A lot of people of all colours buy into the thug BS materialism of mainstream hip hop and a lot of people of all colours also appreciate real and underground hip hop.
Yvette
Posts: 859
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7/16/2010 3:47:41 PM
Posted: 6 years ago
At 7/16/2010 3:37:01 PM, feverish wrote:
Yeah world music is a BS term. Brazillian music isn't world music in Brazil and Nepalese music isn't world music in Nepal. To lump all these styles along with other disparate ones like Irish folk and Nigerian Afro-beat all under one heading is obvious nonsense.

World music isn't a genre. It's just a label for stuff people listen to if they want to present themself as a cultured, well-travelled global citizen.

*nod*

I don't really understand your point about "rap" music though Yvette. White people have always bought hip hop in large numbers and from NWA through Run DMC, back to Sugahill gang, the only way to have real commercial success in hip hop is if white people buy your records.

I'm not sure what you mean about marketing to white people either. I think it's natural that a lot of white people will be more interested in the novelty of a white rapper and perhaps identify more with them, other than that I'm not sure what aspects of marketing you think are aimed specifically at white people.

When I say marketing to white people, I don't mean using a white rapper. I mean appealing to whites, who, as you said, are a big part of the rap industry's success. Whites love to pay for black exploitation. They listen to "black music". The rap industry tries to appeal to the mainstream, the mainstream is white America and what white America approves of. Make white America uncomfortable, it's not mainstream. Try and get whites to listen to rap that isn't mainstream, that isn't blacks being exploited, that is made by blacks, for blacks, and is deeper, more art/music than mainstream rap, and they reject it. It's like the difference between Jay Z and dead prez. One's "cool" to listen to, because you're "part of black culture" even though the music is mainstream and white...icized, the second is part of black culture (I think--as someone who isn't part of black culture, I don't pretend to be sure) but isn't cool to listen to. Because we can't deal with people's real culture, we have to deal with versions that are acceptable to us. Chinese food's a great example--how many white people (myself included) love "Chinese food" but would probably scream if offered real Chinese food?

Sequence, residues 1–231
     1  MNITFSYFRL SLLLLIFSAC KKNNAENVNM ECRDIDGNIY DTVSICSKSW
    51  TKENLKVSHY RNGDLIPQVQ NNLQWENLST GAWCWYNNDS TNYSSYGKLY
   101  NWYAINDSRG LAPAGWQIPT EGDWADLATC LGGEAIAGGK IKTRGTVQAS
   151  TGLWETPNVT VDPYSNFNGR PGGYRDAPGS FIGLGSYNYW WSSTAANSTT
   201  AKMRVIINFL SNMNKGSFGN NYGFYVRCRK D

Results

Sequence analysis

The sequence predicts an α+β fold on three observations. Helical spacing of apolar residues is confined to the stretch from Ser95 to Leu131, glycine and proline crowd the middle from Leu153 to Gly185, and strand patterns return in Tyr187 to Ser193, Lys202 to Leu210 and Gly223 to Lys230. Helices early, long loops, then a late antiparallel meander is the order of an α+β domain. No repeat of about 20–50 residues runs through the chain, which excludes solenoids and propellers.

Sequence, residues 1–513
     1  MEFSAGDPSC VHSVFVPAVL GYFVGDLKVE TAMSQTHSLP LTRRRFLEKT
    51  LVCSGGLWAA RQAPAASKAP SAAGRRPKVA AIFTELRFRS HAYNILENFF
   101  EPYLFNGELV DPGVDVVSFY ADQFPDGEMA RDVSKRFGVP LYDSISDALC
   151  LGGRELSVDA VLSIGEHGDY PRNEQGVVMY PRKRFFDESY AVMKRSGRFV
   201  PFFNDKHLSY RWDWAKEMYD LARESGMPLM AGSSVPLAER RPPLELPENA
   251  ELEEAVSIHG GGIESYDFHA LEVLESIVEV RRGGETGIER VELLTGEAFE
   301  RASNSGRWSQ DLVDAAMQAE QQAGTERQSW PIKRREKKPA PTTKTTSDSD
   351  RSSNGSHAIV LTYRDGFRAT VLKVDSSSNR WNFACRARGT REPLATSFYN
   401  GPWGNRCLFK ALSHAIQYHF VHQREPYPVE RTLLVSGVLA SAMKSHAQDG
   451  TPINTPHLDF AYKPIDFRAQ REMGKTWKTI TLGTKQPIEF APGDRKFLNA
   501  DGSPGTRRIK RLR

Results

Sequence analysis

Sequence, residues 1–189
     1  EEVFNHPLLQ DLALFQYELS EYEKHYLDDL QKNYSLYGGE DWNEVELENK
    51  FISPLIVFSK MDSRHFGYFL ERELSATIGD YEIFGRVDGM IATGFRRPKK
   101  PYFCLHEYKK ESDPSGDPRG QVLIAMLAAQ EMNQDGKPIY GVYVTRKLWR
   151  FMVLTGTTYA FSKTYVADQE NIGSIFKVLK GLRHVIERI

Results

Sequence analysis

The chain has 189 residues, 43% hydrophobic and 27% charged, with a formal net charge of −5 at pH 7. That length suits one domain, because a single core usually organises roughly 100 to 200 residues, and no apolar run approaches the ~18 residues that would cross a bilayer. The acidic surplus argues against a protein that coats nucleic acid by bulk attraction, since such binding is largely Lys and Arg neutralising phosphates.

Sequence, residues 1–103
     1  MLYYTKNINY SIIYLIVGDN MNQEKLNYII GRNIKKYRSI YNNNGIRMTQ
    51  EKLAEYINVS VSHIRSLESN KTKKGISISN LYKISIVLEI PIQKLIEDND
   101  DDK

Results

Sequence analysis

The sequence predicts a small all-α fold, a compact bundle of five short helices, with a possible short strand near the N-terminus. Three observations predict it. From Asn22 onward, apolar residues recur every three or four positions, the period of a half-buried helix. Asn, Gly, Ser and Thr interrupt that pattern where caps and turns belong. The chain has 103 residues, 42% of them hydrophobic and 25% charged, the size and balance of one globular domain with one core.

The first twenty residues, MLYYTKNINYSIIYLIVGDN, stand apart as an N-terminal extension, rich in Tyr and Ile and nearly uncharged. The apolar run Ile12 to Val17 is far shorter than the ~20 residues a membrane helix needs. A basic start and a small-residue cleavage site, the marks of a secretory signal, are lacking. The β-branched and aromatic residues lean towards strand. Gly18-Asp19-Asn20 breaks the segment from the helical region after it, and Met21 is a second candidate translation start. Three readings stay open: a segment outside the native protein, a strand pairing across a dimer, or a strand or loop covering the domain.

Hopefully I made sense.

A lot of people of all colours buy into the thug BS materialism of mainstream hip hop and a lot of people of all colours also appreciate real and underground hip hop.

Of course, non-whites aren't excluded by the rap industry.
In the middle of moving to Washington. 8D

"If God does not exist, then chocolate causing cancer is only true for the society that has evidence for that." --GodSands
feverish
Posts: 2,716
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7/16/2010 5:18:30 PM
Posted: 6 years ago